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class superpower.59 China draws great self-confidence from these achievements and does not credit them to the US or the existing order.60 Furthermore, China perceives that the US is declining and marred with many issues such as its unemployment rate, budget deficit and financial disorder, and its status as the world’s superpower is seriously challenged.61 China is optimistic about replacing the US as the number one in the world in the near future.62 As a consequence, Beijing believes that the US is trying very hard to contain China’s rise in order to maintain its hegemonic position. This is evident in the open statements by high-ranking Chinese officials in the military and the Communist Party that consider the US as China’s primary security threat.63 In the maritime domain, China perceives control over the SCS as a strategic step to attain global power.64 More subjectively, the SCS has become China’s “last opportunity to advance”.65 According to General Peng Guanqian, Deputy Secretary General of China’s National Security Forum, the SCS is the litmus test of whether China can achieve national rejuvenation.66 Therefore, China is determined to increase its presence and control in the SCS. The US involvement in the SCS dispute and its direct activities are viewed suspiciously by Beijing as containment. This idea of US containment against China resonates very well in Beijing, much more so than the concern in Washington about China’s rise.67 This is likely due to the ubiquitous national humiliation narrative.68 The subjectivity of China and the US in the SCS issue is manifested in the zero-sum attitude, as if the SCS can only accommodate one of the great rival powers’ interests. In particular, China is also very suspicious about the US pivot to Asia since Secretary Clinton conveyed the idea in 2011. It is without question that the US has become anxious about China’s growing military power and assertiveness vis-à-vis its rival claimant states in the SCS, particularly during the 2009–2010 period, and considers this as a serious threat to FON and the US power projection into Asia.69 Nevertheless, Chinese officials and scholars who realise that China’s behaviour contributes to the escalation of tension in the SCS constitute tiny minority.70 Even though Beijing maintains a restrained attitude towards commenting on the US pivot to Asia strategy, there were some statements voiced by the People’s Daily.71 One report stated that this strategy was directed towards containing Beijing and preserving US hegemony in the Asia region. Furthermore, it also warned the US of the “zero-sum game with China” if it continued to see China as a challenge to its hegemonic ambition.72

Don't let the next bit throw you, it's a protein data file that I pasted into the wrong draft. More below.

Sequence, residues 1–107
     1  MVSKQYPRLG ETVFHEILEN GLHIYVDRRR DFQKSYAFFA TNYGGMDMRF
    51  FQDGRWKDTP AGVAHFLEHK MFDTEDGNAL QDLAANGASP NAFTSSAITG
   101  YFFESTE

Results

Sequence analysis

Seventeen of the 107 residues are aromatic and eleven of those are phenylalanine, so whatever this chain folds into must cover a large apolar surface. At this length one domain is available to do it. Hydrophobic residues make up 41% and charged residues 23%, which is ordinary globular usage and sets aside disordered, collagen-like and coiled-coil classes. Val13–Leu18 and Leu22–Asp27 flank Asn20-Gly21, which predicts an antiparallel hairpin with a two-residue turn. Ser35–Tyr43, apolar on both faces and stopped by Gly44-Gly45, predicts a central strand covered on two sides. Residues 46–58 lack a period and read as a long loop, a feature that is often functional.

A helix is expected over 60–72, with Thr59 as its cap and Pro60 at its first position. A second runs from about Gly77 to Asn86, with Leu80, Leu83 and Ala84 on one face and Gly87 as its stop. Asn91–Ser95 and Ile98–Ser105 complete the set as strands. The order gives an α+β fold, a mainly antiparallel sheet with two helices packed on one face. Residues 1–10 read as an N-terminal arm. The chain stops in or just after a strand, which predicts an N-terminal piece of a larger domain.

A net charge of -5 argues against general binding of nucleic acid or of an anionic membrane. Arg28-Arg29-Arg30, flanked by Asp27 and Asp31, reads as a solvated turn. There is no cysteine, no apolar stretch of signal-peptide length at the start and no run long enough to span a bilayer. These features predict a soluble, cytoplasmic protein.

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To address the issue objectively, one needs to make an accurate judgement on China’s rise. Although China’s skyrocketing development in the last decades is undoubtedly impressive, China should not be overconfident about overtaking the US as the number one superpower. There is no strong correlation between rapid economic growth and military power. The GDP is only one indication that cannot wholly represent a country’s wealth. According to the UN, a state’s wealth lies in its manufactured capital (infrastructure), human capital (skills, health, education, and research), and natural capital (below earth resources, and environment). The US owns nearly USD 144 trillion of this wealth or 4.5 times China’s USD 32 trillion.73 In the coming years, China’s growth rate is expected to plummet from 8% in 2015 to 4%, and if the US has the same growth rate, China needs many decades to catch up.74 In other words, the US is much richer and far more capable of converting its wealth into military power.75 Although China is capable of producing nuclear-based submarines, its technology relies on Russia and it is only comparable to the US navy as it was commissioned in the 1950s.76 The other reason for China to give up its soon-to-be-number one superpower illusion is that the US does not rely solely on military might in maintaining its global position. Washington has built friendships and alliances with many countries in all regions, particularly with the first world economies, which reduce the cost of supporting the US-led world order77 whereas China has no ally, except for North Korea, which brings more trouble than advantage for Beijing. All these factors combined make the US position as a global power unchallenged. To perceive that China will take over the US position in the near future is unfounded.78 Instead of containing China, the primary intention of the US in the region is to balance it.79 China’s rapid growth does not pose threats to the US; it worries the US regional allies and the SCS claimant states. Even though China’s claim in the SCS traces back before the founding of the People’s Republic of China in 1949, China’s assertive behaviour in the SCS is to some extent supported by its huge growth in economic and military power. However, Beijing itself has failed to clarify its SCS claim based on international law. Hedley Bull contends that the main function of this balancing is to preserve the international order and ensure the operation of international law.80 Since China has been benefiting from the international order, the US balancing in Asia should not be seen in a negative way. The US rebalancing sustains order and since China has no capability or intention to take